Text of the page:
JOLLY LAVENDER GIANT

JOLLY LAVENDER GIANT
JOLLY LAVENDER GIANT

(Ron Skinner, registered 2014, intro 2015)  MLa, Dor Tet, H 37, W 6.75, extended, early morning opener, cold morning opener.  Seedling C269 ((Enchanted April x Amanda’s Intrigue) X Spacecoast Sea Shells)  20 buds on 4-way branching.  Reblooms.

 

 

Jolly Lavender Giant is a large lavender pink with a ruffled double edge and no eye.  Its edge is dark lavender with gold trim.  The petals, as well as the chartreuse outside green throat, are accentuated by radial grooves.    Rock-hard substance makes JLG a delight from early morning to  after sunset.  Fertile both ways.

This 6.75″ beauty is Ron’s best introduction to date.  Its substance and length of bloom day is remarkable.   It should be a good parent for northern-hardy eye-no-edge daylilies and large gold-edged lavenders and pinks.

MAGENTA MAMA

MAGENTA MAMA
MAGENTA MAMA

(Ron Skinner, registered 2014, intro 2015)  EM, Dor, Tet.  H23, W 5.25, extended.  Seedling A101 (Coldstream Guard X Musical Medley)  17 buds on 3-way branching.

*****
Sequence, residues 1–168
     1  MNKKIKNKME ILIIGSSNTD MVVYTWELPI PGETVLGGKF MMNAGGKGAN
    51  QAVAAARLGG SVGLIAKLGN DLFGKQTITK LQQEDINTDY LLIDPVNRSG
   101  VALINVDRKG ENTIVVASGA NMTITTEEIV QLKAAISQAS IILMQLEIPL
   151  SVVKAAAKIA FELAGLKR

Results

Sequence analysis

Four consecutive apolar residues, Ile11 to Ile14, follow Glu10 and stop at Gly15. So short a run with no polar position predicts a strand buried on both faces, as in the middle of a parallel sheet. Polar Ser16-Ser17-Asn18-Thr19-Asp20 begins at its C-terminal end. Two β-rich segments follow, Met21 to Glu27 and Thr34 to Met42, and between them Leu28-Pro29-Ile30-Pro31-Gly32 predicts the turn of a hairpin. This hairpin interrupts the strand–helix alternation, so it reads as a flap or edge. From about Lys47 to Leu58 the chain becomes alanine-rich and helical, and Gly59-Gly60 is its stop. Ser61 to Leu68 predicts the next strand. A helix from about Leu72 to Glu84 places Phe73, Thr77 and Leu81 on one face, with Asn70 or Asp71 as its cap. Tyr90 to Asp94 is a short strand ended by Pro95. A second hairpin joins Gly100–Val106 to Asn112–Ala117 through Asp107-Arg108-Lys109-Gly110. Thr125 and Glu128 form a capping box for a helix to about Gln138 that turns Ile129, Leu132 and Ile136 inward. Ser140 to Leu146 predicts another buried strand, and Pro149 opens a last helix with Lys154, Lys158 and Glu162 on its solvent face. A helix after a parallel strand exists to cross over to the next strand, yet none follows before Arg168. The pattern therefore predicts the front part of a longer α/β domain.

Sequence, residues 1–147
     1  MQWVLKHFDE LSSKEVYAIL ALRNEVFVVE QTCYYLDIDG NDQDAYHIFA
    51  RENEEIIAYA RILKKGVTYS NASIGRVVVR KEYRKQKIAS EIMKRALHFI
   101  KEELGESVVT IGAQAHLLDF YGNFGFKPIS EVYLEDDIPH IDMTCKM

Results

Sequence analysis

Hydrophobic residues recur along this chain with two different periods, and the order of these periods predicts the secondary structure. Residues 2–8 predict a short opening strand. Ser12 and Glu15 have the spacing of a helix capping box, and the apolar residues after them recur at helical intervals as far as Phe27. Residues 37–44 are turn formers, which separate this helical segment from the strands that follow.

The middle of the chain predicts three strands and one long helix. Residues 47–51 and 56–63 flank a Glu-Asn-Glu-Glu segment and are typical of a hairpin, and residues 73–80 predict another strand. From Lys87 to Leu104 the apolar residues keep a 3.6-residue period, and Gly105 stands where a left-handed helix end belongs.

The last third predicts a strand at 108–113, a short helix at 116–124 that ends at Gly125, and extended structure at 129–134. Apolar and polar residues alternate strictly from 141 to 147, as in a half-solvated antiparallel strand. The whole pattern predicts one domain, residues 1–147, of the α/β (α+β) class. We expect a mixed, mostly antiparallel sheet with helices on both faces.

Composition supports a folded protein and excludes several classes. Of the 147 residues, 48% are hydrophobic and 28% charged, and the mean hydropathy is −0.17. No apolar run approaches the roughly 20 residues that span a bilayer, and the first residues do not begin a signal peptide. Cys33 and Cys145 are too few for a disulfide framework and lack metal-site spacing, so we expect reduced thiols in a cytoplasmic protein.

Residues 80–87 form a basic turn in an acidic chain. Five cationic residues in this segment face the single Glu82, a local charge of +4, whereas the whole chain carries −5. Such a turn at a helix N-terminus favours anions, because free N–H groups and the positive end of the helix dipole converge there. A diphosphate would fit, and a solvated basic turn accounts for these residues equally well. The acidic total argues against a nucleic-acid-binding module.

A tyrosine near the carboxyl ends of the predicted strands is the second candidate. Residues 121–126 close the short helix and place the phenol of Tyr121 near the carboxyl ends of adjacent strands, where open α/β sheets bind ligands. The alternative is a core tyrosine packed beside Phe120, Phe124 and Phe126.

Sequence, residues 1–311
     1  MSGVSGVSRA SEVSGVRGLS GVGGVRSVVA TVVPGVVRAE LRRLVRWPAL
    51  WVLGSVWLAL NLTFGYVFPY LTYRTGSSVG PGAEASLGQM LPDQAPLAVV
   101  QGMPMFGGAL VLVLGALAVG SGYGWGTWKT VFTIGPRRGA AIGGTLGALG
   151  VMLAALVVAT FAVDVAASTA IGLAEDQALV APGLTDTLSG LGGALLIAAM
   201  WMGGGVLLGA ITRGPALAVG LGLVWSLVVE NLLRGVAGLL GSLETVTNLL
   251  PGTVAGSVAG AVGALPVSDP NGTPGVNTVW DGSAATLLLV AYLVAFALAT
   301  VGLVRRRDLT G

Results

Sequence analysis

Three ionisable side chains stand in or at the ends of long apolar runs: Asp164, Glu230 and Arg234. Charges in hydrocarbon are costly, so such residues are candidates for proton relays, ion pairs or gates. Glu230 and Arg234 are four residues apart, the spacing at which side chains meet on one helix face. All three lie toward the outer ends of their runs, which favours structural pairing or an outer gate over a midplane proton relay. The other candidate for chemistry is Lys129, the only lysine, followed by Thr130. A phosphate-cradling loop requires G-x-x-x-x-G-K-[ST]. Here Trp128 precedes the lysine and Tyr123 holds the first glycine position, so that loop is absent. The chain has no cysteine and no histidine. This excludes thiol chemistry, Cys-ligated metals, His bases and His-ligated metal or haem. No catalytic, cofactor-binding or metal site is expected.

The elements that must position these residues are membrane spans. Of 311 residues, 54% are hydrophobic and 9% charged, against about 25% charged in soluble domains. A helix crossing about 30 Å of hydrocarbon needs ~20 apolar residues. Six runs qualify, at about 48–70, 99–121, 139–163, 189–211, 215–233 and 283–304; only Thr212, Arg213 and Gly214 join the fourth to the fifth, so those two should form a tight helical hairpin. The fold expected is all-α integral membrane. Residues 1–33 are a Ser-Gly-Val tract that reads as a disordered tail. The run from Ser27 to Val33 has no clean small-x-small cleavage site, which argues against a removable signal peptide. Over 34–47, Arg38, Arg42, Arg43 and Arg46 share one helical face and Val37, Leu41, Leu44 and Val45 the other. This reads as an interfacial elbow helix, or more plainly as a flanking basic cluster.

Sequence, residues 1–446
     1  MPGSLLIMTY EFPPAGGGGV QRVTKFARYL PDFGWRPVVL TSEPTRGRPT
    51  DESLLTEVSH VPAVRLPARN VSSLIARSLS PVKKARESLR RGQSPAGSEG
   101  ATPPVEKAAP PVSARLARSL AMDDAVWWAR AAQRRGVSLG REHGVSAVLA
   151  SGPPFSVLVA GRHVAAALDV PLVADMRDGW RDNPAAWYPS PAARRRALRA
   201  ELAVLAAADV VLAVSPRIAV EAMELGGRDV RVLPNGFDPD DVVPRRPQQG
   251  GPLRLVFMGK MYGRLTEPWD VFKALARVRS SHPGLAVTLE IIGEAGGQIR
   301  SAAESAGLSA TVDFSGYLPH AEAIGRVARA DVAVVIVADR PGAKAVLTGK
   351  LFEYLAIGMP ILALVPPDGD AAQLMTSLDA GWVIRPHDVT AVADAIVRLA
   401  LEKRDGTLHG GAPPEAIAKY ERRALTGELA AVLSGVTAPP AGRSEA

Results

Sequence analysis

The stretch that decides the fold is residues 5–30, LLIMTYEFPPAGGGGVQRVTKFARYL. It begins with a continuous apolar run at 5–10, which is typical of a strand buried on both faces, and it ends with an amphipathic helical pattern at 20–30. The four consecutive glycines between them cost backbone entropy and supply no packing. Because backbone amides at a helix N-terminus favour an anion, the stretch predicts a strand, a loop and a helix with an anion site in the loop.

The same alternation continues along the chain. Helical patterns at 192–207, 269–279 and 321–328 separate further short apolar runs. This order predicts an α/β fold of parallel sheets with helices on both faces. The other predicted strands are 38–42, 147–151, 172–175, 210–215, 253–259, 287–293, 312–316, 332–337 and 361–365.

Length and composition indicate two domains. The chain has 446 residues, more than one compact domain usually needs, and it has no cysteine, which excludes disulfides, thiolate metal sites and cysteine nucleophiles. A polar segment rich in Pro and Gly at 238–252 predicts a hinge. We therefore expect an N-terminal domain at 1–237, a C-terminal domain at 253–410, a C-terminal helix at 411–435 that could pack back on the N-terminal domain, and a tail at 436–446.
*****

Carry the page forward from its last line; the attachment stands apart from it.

Magenta Mama is a rich bright lavender pink over a chartreuse throat and lavender-silver wire edge.  Slight radial grooving enhances the petals.  MM is fertile both ways, and a good parent.

POMEGRANATES ATOP LEMONS

POMEGRANATES TOP LEMONS
POMEGRANATES ATOP LEMONS

(Megan Skinner, registered 2014, intro 2015)  EM, Dor, Tet, H 36″, W 5″, diurnal, bicolor.  Seedling C119 (Earlybird Branched Brickey X Light Years Away).   29 buds on 4-way branching.  Fertile both ways, but see note below on setting seeds on very tall scapes.

 

 

Pomegranates Atop Lemons is tall, well-budded, bicolor, and recurved.  The base color is a light tone between lemon and melon;  this color displays on the sepals,  petal edges, midribs, and watermark.  The rest of the petal is  overlaid with light red, much the color of the outside of a pomegranate.